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Children’s Honor Choir Brings Message of Hope During Recent Tour

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The Alabama Baptist Children’s Honor Choir returned from its annual tour energized about the significant ministry opportunities it experienced, even beyond the music performed during two concerts in Lynn Haven, Fla.

The March 1-3 tour by the auditioned choir, which included 151 students in grades 4-6, took it to an area that had been ravaged by Hurricane Michael in October.

The choir, sponsored by the Alabama Baptist State Board of Missions, brought a message of hope through music and word to two communities impacted by natural disasters.

At the first performance, a Saturday afternoon mini-concert held in a public park, Alabama Baptist Disaster Relief volunteers served hamburgers and hotdogs to attendees. That evening the choir presented a full concert at Emerald Coast Fellowship. At both locations, concertgoers received more than the gift of music and the message of the Gospel – gift cards provided through Alabama Baptist Disaster Relief were distributed to help area residents rebuild homes and lives.
State Missionary Karen Gosselin, who plans the tour and directs the choir, said the performance had been scheduled in the community long before Hurricane Michael hit, but she felt the Lord had called the choir to still travel and perform there for a reason.

“We felt that ‘for such a time as this’ Children’s Honor Choir just might be the method of hope from God that the residents hit hard by the storm could use,” Gosselin said, referencing Esther 4:14. “The songs already chosen for the children were of strength, hope, and belief!”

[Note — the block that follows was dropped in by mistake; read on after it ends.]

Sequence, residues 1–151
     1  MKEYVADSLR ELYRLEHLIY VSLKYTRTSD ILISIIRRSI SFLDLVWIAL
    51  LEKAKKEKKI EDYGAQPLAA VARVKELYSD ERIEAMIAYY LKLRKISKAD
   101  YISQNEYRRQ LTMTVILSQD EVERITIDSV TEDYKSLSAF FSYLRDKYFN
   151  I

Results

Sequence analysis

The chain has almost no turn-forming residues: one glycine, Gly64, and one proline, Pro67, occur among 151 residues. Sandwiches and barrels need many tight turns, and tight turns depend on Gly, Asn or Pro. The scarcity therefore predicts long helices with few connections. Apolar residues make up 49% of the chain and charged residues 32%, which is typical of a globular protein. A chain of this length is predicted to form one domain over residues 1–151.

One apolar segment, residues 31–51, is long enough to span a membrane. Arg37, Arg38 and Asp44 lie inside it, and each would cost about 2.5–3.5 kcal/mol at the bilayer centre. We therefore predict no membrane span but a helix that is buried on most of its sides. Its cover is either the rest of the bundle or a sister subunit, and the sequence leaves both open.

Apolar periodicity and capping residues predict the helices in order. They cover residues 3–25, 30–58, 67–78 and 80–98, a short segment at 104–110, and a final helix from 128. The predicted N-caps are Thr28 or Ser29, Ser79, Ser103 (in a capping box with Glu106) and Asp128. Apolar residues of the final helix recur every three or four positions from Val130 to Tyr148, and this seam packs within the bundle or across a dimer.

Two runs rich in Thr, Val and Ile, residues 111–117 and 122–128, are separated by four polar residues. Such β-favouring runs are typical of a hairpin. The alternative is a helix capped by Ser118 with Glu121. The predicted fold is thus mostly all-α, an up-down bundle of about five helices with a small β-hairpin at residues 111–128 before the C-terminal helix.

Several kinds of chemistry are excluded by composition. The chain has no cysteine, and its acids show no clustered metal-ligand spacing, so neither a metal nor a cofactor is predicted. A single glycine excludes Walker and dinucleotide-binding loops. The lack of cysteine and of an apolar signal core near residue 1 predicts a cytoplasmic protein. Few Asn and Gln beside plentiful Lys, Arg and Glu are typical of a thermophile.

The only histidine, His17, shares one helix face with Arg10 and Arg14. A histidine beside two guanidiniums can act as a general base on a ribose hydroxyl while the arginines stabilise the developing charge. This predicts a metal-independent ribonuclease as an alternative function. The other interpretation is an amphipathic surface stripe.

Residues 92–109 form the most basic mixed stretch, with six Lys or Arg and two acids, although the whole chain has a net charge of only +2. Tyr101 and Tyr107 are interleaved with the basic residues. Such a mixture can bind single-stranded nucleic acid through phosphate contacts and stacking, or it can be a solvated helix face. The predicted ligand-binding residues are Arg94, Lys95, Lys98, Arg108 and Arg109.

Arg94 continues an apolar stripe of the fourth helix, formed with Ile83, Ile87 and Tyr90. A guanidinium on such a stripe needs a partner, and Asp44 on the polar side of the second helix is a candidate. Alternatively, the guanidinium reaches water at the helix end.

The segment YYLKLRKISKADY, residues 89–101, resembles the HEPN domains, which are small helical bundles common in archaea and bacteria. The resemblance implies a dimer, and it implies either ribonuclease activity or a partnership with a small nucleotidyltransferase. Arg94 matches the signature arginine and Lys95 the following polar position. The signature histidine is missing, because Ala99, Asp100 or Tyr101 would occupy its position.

On Sunday, March 3, the choir performed in both services at Hillcrest Baptist Church in Enterprise, Ala. A few days prior, the community had recognized the 10-year anniversary of a tragic tornado, so several church members said they appreciated the choir’s songs for focusing on believing in the Lord even during difficult circumstances.

The choir performed 10 songs, and several included sign language, art, and dance. Some of the children also had speaking roles used as transitions between songs.

Gosselin said this tour was the most impactful she had been on because it was about more than the performances. She added that she enjoyed seeing the children not only learn their music but also learn how they as Alabama Baptists can participate in disaster relief and help those in need.”

Many times children do not see parents give,” Gosselin said. “I wanted them to see how the Cooperative Program works – to know how money is used to help people and, specifically in disaster relief, how people come to the rescue. I wanted them to see the Alabama Baptist ‘Yellow Shirt Army’ and let them be a part of it on their tour.”

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